As the Covid19 pandemic continues to sweep the world, states are struggling to shape policies according to their epidemiological situation, resources and political possibilities. It is very obvious that all this policy-making has far-reaching ethical implications on many levels. It regards the identification of relevant values, the balancing of these in cases of conflicts, the pragmatics of implementing "ideal" solutions in a non-ideal world, and the normative aspect of deciding how competing institutional "rules" or "guidelines" for balancing values and implementing the outcome may be traded off in cases of tension. All of this is, of course, a well-known aspect of the area of public health ethics, such as it has evolved over the last two decades. It regards both principal issues of what should be done, and issues about how this should be done to be done in an acceptable way. These issues are especially complicated due to the multi-sectorial and multi-level nature of public health, and the advanced and dynamic uncertainty under which all decisions on pandemic (and much other public health) policy needs to be taken.
One level is, of course, the implications for the healthcare system and, in effect, clinical medical ethics, of a far-reaching public health crisis, such as a pandemic. In this area, I was engaged, together with several colleagues with direct experience of this particular issue, in a working party that speed developed specific guidelines for ICU resource allocation for the Swedish context. However, albeit thorny and highly complex ethical considerations are recognised to be built into both public health and infectious disease policy in the Swedish central policy document in this area, the Swedish public health authorities have no organised way of dealing with the ethical tensions that necessarily appear on a daily basis. This inspired some of my colleagues – themselves not public health ethicists but recognising the need – to publish a plea for an ethics councel function to be linked to the Swedish public health agency, Folkhälsomyndigheten. Such a councel has to involve different comnpetences, of course, besides public health ethics and relevant health science, not least advanced knowledge of (relevant) law, economics and politics.
Interestingly, I have been recently involved in exactly this type of endeavour related to Covid19, not in Sweden, but in Germany. It started when I was contacted, as one of several public health ethics specialists, to be part of an ad hoc ethics briefing to the Bavarian public health authorities with regard to sevaral of the type of basic value and norm.-conflicts briefly sketched above. The work was led from the Ludwig Maximilians University of Munich, where Verina Wild (bioethicist and public health specialist), quickly organised an international expert group to answer a set of questions formulated by the state authorities. This work (with links to the full briefing from the group to the Bavarian authorities) is described here. Additionally, the German federal Ethikrat has issued several statements on the ethical dimensions of the Covid19 policy response, and also there specific public health ethical competence is in place, eg. Alena Buyx.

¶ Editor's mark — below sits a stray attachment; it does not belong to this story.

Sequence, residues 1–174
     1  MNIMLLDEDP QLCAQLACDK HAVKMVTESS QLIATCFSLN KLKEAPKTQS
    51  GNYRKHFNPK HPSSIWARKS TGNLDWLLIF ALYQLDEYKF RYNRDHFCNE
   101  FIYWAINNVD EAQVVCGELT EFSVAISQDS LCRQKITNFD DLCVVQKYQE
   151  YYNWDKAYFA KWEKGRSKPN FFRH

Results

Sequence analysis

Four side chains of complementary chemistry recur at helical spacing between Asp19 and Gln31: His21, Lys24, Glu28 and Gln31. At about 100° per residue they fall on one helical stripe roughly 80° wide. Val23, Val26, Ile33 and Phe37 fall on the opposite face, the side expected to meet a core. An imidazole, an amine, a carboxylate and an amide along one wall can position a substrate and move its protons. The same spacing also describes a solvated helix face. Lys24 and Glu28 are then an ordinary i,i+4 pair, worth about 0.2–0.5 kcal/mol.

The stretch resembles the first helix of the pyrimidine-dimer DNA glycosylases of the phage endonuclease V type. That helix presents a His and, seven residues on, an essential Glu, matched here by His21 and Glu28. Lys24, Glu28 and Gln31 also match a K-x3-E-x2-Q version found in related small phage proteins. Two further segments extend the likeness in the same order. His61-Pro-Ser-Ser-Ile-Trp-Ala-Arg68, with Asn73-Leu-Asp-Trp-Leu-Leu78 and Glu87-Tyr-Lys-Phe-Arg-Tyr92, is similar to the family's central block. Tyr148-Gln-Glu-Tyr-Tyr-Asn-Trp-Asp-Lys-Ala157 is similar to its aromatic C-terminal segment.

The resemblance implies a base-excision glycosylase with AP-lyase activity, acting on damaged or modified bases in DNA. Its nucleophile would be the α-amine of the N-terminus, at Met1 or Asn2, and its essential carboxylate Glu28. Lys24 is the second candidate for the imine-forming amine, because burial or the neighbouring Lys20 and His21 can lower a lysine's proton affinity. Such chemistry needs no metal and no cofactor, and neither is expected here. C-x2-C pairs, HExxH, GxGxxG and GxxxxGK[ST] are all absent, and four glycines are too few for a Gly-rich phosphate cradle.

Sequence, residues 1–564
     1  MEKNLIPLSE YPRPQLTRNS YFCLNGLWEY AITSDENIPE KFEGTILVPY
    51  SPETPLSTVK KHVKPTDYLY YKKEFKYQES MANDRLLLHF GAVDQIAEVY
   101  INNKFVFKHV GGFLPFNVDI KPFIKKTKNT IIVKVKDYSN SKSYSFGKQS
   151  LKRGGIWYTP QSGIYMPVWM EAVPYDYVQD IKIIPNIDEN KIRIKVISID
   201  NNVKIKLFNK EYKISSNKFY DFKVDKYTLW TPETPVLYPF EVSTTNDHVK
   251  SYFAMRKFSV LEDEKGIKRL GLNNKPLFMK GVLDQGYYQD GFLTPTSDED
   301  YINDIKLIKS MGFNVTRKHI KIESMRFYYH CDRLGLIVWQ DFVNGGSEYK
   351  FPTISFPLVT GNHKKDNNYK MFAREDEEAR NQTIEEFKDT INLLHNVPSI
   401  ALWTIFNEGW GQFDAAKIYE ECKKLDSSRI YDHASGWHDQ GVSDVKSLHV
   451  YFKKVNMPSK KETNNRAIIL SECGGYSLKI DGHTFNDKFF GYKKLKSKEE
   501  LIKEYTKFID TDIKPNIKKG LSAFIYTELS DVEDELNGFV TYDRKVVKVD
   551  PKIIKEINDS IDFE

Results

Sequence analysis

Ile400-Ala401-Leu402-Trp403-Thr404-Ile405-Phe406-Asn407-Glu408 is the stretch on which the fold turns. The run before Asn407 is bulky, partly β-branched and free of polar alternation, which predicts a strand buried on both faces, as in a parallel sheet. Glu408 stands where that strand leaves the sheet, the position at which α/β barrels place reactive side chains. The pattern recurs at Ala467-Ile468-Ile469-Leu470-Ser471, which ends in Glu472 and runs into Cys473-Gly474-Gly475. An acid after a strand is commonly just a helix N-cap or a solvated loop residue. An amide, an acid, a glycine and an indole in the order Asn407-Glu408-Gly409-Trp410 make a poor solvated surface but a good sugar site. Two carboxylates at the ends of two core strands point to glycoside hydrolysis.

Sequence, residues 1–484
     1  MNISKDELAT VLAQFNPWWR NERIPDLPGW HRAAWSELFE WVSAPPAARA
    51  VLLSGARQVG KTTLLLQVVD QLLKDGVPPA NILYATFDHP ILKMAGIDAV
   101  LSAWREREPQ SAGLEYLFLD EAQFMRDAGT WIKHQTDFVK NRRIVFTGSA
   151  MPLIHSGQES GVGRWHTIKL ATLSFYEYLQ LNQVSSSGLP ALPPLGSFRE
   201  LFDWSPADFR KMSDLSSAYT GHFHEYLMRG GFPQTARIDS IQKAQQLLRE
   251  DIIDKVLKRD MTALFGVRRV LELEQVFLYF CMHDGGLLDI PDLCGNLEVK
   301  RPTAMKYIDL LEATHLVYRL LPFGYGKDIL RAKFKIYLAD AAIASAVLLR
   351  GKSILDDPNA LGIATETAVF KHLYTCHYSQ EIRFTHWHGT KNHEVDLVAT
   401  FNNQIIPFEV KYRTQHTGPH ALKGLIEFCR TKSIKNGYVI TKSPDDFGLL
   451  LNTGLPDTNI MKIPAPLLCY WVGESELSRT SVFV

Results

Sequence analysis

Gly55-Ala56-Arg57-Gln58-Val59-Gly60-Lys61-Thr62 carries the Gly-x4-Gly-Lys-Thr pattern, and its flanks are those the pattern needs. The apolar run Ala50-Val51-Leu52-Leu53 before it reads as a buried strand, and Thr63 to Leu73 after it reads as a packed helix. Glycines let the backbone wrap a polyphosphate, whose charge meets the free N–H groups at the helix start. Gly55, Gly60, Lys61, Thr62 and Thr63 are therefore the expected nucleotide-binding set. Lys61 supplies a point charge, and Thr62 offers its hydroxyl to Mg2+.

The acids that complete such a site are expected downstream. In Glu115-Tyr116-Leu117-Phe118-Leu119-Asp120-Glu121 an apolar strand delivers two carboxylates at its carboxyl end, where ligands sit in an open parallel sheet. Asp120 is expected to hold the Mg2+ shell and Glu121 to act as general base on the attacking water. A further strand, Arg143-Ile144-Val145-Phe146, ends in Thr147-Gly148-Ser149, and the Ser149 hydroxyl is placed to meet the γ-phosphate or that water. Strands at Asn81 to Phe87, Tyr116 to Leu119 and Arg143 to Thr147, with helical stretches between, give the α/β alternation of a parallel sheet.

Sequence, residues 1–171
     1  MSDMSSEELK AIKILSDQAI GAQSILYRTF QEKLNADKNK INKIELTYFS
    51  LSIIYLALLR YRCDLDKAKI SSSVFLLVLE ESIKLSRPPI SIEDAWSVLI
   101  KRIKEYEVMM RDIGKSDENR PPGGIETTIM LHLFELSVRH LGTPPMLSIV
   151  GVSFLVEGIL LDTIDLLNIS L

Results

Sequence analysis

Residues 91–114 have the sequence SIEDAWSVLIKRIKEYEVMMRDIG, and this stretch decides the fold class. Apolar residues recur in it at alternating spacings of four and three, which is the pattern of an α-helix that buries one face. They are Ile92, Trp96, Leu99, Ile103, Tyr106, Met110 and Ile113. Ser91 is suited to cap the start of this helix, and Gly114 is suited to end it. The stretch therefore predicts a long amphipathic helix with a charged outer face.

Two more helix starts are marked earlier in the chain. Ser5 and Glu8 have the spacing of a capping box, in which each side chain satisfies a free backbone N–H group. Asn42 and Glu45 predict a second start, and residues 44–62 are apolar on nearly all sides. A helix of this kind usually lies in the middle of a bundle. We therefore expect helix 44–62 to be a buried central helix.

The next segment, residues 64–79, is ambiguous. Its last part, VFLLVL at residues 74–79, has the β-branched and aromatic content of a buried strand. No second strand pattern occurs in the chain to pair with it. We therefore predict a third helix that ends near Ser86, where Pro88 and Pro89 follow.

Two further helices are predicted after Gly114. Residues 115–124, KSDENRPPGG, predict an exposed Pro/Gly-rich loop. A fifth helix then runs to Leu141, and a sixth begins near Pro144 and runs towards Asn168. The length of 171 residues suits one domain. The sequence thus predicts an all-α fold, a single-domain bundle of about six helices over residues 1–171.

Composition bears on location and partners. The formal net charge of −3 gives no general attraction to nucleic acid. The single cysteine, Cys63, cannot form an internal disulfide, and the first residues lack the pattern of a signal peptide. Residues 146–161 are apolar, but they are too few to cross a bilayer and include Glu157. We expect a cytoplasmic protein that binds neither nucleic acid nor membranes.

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In addition, German scholarly organisations in social medicine and public health have organised a Covid19 "competence centre" with specific working groups being coordinated for several areas, one of which is ethics. The coordinators for ethics is, once again, Verina Wild and her Munich colleagues Jan-Christoph Heilinger and Georg Marckmann, and they have invited a broad group of international scholars from the public health ethics field, among these myself. We have just finalised the first policy brief, which attempts to sketch in a few pages the complex landscape of consideration offered from a public health ethical perspective on pandemic policy. The final versionis now public via the competence centre website. A number of more specific briefs are planned, and will appear shortly.
I do believe that many states would do well to follow the German example. Besides the expertise of discovering, describing and analysing ethical and related legal and political dilemmas, relevant scholars are also able to articulate more clearly the logic of reasoning behind made policy decisions, thereby helping governments and agencies to better dodge conspiracy-like speculations of why certain decisions are made due to hazy explanations and arguments. Among these, my own country Sweden, where there already exist a number of internationally recognized public health ethics scholars, besides myself, e.g., Bengt Brülde, Jessica Nihlén Fahlqvist, Kalle Grill and Erik Malmqvist, and additional legal scholarly expertise relating to the health policy area, such as Moa Kindström Dahlin and Ulrika Sandén.